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The Greens come for the electric hot water services

By johnboy - 31 March 2009 29

The Greens have declared war on one of the simplest and most efficient symbols of western civilisation, the electric hot water system.

    ACT Greens spokesperson for Planning, Caroline Le Couteur MLA, will introduce a bill this week designed to minimise the environmental and financial costs of hot water heating for ACT homes.

    Under Ms Le Couteur’s bill, hot water systems installed in new ACT houses and townhouses will need to be low emission types such as solar, heat pump, or efficient gas. From next year, the efficiency standard will also apply to anyone replacing a hot water system in their existing house or townhouse.

    “With the Government rebates currently available, efficient hot water systems are actually the most sensible economic choice right now,” Ms Le Couteur said.

If it’s such a no-brainer to go with the alternatives why do we need a law?

What’s Your opinion?


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29 Responses to
The Greens come for the electric hot water services
VYBerlinaV8_the_one_ 7:11 pm 31 Mar 09

I have an instantaneous gas hot water system, and it not only works well, but costs absolutely bugger all to run. I like the idea of only heating water you need to.

MrPC 6:32 pm 31 Mar 09

I’ve lived in a few rental premises where the electric HWS needed replacing. Even where gas was available, or where a great solar aspect was available, the landlord always just told the plumber to put in the exact same electic HWS that was there before, the kind without an off peak feature.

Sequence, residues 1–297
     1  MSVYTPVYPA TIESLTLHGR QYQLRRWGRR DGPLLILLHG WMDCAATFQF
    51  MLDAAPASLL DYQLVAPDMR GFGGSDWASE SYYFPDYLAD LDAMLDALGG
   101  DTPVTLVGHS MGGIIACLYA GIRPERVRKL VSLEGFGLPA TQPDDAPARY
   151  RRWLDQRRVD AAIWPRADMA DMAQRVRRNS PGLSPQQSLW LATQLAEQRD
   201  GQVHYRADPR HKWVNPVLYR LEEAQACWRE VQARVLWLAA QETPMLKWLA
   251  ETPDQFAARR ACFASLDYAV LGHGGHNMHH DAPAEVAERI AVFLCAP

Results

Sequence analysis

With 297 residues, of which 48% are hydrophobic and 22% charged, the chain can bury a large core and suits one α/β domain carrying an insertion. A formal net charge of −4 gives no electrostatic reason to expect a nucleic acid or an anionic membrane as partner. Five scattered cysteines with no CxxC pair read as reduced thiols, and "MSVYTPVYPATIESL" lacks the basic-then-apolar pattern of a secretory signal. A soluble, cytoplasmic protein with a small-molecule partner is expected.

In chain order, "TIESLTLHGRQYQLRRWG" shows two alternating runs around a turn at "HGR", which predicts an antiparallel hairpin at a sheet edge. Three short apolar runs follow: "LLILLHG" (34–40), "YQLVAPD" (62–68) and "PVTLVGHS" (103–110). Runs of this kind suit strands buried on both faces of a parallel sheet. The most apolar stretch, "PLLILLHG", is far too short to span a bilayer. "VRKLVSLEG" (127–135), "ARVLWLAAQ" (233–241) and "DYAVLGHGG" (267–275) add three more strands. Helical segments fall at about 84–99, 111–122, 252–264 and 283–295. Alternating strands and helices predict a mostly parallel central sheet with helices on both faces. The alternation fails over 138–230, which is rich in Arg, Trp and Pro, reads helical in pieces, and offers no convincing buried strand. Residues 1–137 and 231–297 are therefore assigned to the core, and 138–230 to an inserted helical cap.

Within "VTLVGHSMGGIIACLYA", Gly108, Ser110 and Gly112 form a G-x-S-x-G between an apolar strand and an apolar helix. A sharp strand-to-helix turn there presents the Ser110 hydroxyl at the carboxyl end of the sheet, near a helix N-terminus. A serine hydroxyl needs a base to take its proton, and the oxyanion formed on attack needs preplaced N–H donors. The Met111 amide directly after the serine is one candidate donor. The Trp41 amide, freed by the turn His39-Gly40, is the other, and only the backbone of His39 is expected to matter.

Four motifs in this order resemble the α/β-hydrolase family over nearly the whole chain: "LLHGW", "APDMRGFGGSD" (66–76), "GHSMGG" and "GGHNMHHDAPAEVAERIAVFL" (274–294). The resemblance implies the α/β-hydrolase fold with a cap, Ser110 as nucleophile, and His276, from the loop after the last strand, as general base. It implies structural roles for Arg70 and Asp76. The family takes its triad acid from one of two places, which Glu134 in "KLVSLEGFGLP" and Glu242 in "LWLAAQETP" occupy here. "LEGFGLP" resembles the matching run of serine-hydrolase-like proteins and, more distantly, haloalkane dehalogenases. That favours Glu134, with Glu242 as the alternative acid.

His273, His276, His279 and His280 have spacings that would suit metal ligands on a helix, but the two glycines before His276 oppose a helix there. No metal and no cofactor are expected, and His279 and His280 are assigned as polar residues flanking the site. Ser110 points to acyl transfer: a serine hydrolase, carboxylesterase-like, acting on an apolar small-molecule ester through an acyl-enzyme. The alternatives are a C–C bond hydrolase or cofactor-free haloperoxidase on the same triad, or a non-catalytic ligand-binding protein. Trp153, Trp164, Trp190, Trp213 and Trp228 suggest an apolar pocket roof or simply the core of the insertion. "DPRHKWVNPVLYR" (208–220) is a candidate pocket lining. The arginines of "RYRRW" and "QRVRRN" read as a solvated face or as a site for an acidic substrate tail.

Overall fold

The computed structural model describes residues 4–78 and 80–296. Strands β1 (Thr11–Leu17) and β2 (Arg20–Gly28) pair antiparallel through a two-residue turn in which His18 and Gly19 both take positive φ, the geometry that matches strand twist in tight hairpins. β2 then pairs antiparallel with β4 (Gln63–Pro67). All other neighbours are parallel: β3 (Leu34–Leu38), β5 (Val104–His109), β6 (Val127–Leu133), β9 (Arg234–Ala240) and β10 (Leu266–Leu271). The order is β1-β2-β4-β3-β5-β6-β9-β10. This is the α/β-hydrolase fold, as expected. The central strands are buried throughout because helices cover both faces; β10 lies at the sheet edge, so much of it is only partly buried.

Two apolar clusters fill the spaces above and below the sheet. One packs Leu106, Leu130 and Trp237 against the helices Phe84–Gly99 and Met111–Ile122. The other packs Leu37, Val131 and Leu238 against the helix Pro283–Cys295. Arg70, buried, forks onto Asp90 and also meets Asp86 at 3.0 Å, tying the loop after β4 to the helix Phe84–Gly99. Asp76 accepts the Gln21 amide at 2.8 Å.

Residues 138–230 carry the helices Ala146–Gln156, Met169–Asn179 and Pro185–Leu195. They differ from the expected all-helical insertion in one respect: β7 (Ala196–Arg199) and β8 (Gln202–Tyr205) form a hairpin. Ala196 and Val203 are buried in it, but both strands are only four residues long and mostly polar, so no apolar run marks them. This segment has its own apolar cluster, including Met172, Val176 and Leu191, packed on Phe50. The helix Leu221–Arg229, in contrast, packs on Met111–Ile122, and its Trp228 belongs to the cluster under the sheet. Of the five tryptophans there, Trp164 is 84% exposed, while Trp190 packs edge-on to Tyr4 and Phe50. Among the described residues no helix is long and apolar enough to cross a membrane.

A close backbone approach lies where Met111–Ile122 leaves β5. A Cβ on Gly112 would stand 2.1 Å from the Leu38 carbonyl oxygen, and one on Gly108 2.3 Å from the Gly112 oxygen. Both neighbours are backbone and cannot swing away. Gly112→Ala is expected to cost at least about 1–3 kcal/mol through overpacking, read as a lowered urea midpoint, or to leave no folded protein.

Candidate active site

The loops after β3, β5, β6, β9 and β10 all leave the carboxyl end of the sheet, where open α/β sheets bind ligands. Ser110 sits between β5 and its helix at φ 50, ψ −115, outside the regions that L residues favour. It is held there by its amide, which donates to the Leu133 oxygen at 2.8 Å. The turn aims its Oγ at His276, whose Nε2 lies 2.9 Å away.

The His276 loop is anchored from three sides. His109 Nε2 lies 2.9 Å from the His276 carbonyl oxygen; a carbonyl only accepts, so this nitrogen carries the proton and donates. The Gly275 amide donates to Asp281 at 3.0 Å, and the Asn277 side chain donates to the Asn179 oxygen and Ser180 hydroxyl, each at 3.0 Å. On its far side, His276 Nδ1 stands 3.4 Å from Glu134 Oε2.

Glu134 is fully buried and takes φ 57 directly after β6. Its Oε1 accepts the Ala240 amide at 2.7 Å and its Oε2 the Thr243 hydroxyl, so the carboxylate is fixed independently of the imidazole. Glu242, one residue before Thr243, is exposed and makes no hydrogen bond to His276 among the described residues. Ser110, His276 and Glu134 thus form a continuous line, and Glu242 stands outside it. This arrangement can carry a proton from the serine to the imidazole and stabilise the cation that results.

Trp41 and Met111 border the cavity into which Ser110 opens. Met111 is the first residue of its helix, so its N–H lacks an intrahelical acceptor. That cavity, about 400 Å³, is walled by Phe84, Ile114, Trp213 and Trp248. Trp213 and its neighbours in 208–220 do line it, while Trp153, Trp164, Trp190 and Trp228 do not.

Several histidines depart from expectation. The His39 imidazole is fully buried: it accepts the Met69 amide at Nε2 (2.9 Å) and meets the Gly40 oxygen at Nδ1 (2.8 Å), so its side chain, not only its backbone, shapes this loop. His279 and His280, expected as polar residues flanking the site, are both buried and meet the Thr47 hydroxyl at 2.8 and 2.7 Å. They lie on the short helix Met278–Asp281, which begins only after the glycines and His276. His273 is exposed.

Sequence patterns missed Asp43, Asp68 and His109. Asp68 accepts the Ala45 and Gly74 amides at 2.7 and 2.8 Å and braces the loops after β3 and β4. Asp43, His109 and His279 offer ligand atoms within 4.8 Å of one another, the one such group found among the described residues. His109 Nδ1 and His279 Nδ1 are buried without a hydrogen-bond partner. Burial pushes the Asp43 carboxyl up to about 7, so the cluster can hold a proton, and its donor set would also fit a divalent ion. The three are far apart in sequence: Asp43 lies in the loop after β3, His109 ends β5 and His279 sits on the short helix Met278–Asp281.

When the landlord doesn’t pay the electricity bill, they have no interest in making a sensible choice.

If only these laws could extend to landlords…

affordable 6:08 pm 31 Mar 09

AL, not sure about paying it off in 3 years, saw advertised average saving of $300 a year, a $6000 – $9000 system + installation is going to take on average 20-30 years to pay for, will they last this long, unless you have large family, a standard gas instantaneous system ( $1200 ) is much more cost efficient for households of 1-4 people and more so for people that are already very wise with energy use

Granny 5:01 pm 31 Mar 09

I’m for it.

Gungahlin Al 4:30 pm 31 Mar 09

I’m entirely comfortable with this proposal. I worked on the policy for SEQROC that ended up being pretty much adopted for Qld-wide use that did much the same thing.

The problem with hot water is that along with insulation it is one of the single biggest things a house builder can do to reduce lifelong high electricity consumption (irrespective of what you may think of the greenhouse situation). But electric storage HWS are absurdly cheap, and do not in any way reflect the long term costs to the wider community of taking the cheap route.

It is often this cheap decision that is taken by landlords because they don’t care a bump about the ongoing operational costs – tenant’s problem! For others it’s just “sticker shock” – regardless of the savings paying the thing off in 3 years or less!

For the apparent free-marketeers here, if electric storage HWSs are removed from the market, solar HWS will rapidly hit efficient economies of scale, bringing down the price for everyone.

sepi 4:02 pm 31 Mar 09

My house doesn’t have a gas connection – are they going to subsidise that?

I do think everyone who can should get solar hot water tho – hot water becomes practically free for at least half the year, and cheaper thru the rest of the year.

monomania 3:40 pm 31 Mar 09

Deadmandrinking said :

You have to accept that there is always going to be a need for regulation on certain things. This is where the libertarian approach ends.

Yes but rather than playing favorites, if Government told the electricity distributers that an increasing amount of the electricity they sold had to be sourced from renewables, they certainly wouldn’t source it from solar cells on the roofs of Canberra homes as they are now being forced to do.

Extra cost ActewAGL pays for feed-in tariff electricity is 42 cents/kWh. (50 cents – 8 cents for conventional electricity)

Extra cost ActewAGL charges us for its green renewable energy (not sourced from PV) 6.5 cents/kWh

miz 3:39 pm 31 Mar 09

Heat pump hot water is noisy. Gov installed one at my govie place recently and I hate it. And as I had quite low hot water (electric) bills on off-peak, not sure if this new one, which is touted as more ‘efficient’, will actually save me money.